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Hospital volunteers prove to be priceless

Friday, February 22, 2013 | 6:00 a.m. CST

SPRINGFIELD — On a cold Friday morning, a group of eight volunteers gathers in a small room at Mercy Hospital Springfield, chatting, drinking coffee and reading the paper as they listen for the phone to ring.

Betty Skipworth monitors the phone, waiting to send another volunteer to pick up a patient.

Longtime volunteer Debbie Tangora is one of those patient escorts. The phone rings and Tangora is ready to go. "We're gonna have a good run," she says.

Tangora helps at the hospital three days a week. She started five years ago, after her 24-year-old daughter, Brandi, drowned at Table Rock Lake, and is one of thousands who volunteer their time in hospitals across the country. Volunteers assist with almost every operation of a hospital. They help make patients' experiences positive and benefit hospitals financially.

"I'm so lucky to work with all these people," Tangora said, a smile filling her face.

Tangora said she wants to give back.

"I love people, and I like smiling faces. When you come to the hospital, you want somebody smiling," she said. "I just felt like that is how I can help."

With a kind voice, Tangora greets one of her first patients of the day. Every week, Bettie Cox comes to Mercy's Outpatient Burn and Wound Clinic and requires a wheelchair to take her to the seventh floor.

"Good morning, dear," Tangora says in greeting. She wheels Cox to the clinic, turns on the TV and makes sure she is comfortable before heading back to the waiting room for another call.

Over the course of a year, about 800 volunteers donate their time to area Mercy locations, according to Molly Holtmann, director of volunteer services at Mercy. In 2012, volunteers donated around 170,000 hours to the hospital, she says.

"They are definitely part of the story here at Mercy," she says. "Every volunteer makes a difference in the reputation of compassion and caring that Mercy has."

Like Mercy, Cox South hospital also benefits from volunteers.

Last year CoxHealth had around 1,000 volunteers who collectively donated more than 146,000 hours, according to Barbara Frogue, director of volunteer services at Cox.

At both hospitals, volunteers can be found in almost every department.

The Points of Light Foundation has determined that a volunteer hour is worth $21.79, and both hospitals use this figure to determine the monetary value of their volunteers. Mercy and Cox had approximately $3.7 million and $3.2 million, respectively, in donated time in 2012, according to the volunteer services directors.

At both hospitals, volunteers typically work four-hour shifts. Some volunteers donate one shift per week, while others treat volunteering as a full-time job.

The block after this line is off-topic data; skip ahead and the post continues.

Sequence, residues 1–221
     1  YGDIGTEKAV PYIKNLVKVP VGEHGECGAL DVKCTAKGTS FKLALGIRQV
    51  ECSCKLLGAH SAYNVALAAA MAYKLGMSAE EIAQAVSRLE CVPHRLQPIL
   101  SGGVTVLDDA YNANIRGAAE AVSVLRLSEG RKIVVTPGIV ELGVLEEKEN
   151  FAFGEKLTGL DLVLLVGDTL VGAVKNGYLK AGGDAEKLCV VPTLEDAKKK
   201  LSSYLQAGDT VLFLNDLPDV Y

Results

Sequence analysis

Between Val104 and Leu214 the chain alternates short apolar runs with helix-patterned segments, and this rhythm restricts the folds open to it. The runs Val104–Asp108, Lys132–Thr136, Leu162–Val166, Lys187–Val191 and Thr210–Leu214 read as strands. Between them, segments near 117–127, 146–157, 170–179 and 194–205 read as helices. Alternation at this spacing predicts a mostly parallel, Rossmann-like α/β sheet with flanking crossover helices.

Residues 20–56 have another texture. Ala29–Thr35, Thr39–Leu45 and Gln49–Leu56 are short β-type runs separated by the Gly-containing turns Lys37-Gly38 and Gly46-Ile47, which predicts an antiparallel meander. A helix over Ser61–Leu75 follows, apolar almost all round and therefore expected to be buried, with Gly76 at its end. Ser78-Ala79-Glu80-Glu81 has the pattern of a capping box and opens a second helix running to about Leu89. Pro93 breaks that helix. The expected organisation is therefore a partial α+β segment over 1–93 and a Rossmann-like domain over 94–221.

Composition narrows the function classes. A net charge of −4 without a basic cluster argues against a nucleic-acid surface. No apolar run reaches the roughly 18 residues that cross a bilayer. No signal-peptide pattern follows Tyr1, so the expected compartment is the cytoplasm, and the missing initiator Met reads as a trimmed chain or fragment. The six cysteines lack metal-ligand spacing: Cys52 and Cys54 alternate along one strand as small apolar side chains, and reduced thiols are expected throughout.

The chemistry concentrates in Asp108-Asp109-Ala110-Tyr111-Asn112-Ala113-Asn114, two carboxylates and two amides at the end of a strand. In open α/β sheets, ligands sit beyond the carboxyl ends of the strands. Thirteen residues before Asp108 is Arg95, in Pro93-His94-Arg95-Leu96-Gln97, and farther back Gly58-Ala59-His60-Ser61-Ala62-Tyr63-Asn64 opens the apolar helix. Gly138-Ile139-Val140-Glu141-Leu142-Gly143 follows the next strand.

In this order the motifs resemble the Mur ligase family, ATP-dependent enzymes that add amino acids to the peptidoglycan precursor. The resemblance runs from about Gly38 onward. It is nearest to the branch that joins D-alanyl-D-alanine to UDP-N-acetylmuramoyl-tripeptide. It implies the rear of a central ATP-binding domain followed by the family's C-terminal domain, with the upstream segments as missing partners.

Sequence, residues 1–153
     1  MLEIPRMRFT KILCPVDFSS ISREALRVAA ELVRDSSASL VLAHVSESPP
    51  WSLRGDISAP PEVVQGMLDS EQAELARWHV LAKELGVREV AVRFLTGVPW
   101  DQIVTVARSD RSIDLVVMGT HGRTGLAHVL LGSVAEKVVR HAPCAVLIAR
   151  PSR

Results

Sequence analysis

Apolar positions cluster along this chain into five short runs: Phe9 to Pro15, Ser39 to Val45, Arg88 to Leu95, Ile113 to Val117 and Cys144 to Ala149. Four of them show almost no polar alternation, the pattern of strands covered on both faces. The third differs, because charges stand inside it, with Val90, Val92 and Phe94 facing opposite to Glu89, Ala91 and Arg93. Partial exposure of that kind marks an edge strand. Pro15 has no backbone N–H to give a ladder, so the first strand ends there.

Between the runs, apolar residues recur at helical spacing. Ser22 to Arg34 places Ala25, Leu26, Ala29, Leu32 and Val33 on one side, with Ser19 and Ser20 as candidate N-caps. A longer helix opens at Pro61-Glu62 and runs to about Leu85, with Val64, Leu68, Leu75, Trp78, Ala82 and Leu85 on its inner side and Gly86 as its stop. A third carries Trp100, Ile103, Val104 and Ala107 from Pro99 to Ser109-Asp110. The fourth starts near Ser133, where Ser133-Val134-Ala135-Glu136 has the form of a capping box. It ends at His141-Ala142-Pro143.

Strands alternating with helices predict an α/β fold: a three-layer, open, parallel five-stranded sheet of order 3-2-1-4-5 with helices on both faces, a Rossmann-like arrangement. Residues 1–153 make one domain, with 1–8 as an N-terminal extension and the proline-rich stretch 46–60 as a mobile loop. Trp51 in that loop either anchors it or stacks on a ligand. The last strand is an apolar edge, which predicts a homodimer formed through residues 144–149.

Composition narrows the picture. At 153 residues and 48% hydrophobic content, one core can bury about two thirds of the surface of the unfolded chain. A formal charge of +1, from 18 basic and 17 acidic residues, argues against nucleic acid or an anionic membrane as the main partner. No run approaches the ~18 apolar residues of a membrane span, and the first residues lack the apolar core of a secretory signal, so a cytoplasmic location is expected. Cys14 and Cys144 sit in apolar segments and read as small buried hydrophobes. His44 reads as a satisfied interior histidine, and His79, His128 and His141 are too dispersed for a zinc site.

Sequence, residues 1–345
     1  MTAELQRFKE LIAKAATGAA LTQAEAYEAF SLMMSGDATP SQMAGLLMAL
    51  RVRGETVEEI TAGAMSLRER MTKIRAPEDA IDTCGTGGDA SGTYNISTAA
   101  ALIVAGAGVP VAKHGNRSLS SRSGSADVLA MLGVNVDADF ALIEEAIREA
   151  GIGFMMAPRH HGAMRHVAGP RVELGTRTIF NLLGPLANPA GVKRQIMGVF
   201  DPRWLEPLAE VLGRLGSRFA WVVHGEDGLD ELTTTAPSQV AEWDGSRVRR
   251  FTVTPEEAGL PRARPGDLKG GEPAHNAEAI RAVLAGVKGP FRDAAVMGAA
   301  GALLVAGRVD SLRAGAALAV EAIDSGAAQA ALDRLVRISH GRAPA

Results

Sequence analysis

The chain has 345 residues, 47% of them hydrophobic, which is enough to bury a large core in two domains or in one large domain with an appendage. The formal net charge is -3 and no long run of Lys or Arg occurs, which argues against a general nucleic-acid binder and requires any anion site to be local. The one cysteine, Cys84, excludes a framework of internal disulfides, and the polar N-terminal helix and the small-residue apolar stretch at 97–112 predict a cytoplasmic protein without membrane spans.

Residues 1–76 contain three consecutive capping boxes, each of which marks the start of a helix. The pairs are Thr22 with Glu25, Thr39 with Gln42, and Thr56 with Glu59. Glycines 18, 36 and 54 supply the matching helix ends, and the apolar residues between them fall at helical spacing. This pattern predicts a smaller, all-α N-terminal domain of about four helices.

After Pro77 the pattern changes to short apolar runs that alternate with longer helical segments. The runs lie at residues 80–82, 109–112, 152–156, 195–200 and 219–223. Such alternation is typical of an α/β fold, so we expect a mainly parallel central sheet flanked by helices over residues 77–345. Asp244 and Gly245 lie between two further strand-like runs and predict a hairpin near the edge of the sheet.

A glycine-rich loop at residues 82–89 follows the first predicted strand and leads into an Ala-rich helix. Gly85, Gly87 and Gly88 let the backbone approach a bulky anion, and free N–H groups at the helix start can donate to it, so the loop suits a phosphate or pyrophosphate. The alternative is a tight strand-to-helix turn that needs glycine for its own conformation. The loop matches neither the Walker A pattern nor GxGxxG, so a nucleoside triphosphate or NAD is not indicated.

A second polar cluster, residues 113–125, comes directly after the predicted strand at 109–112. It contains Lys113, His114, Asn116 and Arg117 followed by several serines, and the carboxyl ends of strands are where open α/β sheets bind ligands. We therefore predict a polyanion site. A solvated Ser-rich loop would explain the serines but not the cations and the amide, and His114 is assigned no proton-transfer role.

The life span of a volunteer also varies greatly. Holtmann says some volunteers work only a couple of weeks; others have donated their time at Mercy for more than 30 years. Frogue says there is a similar variation among Cox volunteers.

Volunteers are able to work in nearly every department in the hospital. While some departments have more volunteers — patient escort and delivering flowers, for instance — people can request to help in any department, Holtmann says.

Cox has many nontraditional volunteers who do not fit in a particular category, Frogue says. They have some volunteers who paint fingernails, make crafts and play piano.

"We're always looking for volunteers," she says.

A volunteer must be caring and have a passion for volunteering, Frogue says.

"We do interviews. We don't take everybody," she adds.

Both hospitals have a process for volunteers. Those who are interested go through an orientation and a one-on-one interview. Volunteer directors say they want to make sure people are volunteering for the right reasons, which varies with every person.

"We have volunteers that volunteer for every reason. Although they are giving something of themselves, they are volunteering for a reason, too," Holtmann says.

At both Cox and Mercy, holding babies is the most popular and most requested volunteer job, according to Frogue and Holtmann. Frogue says there was a two-year waiting list at one time. Holtmann says volunteers are required to donate at least 40 hours of time before they are allowed to interview with pediatrics.

Margie Beadles and Louise Williams are volunteers in the Cox gift shop. Beadles started volunteering in 2000, and after Beadle's suggestion, Williams started volunteering in 2006.

"I always wanted to do volunteer work when I retired," says Beadles, a retired school administrator from Ozark. Beadles says she decided to volunteer at Cox because she wanted to help people, like her family members who were helped when they were in the hospital.

"I had lots of family members who have been in the hospital, so I certainly appreciated the care that was given here," she says.

Williams says she likes working in the gift shop: "It's kind of like Christmas for us because we get to unpack everything."

Beadles and Williams also price merchandise and store it, or bring it upstairs to be sold.

Beadles says the gift shop is an escape for people who come to the hospital because it takes their minds off their health problems.

"Something I enjoy the most is putting a smile on someone's face because most of the situations are really serious," she says.

Holtmann says she tells volunteers during orientation that they are likely going to be the first and last person a patient sees when coming to the hospital. Often, when people come to the hospital, they are scared or upset, Holtmann says, so volunteers need to be caring and respectful. "They are going to remember that contact forever," she says.


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